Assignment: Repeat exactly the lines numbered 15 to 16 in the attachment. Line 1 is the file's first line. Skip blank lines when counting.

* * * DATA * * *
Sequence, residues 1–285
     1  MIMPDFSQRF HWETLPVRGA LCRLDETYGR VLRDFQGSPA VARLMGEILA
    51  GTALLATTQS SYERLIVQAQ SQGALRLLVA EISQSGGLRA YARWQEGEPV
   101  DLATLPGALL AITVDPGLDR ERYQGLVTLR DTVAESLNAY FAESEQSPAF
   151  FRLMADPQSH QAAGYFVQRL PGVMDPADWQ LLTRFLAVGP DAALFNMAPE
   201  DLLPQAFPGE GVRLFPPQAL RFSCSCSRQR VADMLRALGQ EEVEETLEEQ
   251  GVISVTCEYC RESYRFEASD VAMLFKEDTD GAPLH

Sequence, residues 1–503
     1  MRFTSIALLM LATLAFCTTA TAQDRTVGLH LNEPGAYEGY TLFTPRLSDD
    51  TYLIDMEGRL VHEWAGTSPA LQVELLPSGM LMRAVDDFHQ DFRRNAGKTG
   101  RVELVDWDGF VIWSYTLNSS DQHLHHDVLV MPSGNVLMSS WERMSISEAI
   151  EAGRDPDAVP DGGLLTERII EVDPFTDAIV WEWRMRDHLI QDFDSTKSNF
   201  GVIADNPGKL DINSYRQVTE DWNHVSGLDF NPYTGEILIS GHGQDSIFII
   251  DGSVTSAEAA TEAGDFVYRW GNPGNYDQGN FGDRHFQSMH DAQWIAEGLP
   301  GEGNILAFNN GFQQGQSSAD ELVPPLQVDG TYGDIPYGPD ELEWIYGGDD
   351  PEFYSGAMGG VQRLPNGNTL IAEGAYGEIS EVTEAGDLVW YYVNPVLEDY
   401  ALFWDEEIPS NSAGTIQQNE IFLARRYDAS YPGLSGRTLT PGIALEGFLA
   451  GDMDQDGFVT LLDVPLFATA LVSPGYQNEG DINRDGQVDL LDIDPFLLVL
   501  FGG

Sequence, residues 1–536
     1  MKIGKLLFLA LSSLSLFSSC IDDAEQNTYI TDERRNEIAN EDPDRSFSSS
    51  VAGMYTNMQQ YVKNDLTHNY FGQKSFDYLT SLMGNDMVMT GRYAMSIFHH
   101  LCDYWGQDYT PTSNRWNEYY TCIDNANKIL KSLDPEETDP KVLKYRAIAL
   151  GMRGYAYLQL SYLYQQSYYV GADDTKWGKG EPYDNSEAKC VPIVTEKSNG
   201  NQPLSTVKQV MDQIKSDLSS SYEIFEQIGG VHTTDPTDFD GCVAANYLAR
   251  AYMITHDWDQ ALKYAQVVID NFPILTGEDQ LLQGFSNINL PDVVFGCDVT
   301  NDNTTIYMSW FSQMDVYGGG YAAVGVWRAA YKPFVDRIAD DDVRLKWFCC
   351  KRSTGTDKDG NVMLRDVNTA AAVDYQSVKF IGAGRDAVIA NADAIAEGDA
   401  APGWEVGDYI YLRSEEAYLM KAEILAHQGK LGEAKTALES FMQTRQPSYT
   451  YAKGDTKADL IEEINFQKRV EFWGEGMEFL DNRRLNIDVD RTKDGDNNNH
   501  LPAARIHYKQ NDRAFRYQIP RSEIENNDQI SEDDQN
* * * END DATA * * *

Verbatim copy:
   301  GEGNILAFNN GFQQGQSSAD ELVPPLQVDG TYGDIPYGPD ELEWIYGGDD
   351  PEFYSGAMGG VQRLPNGNTL IAEGAYGEIS EVTEAGDLVW YYVNPVLEDY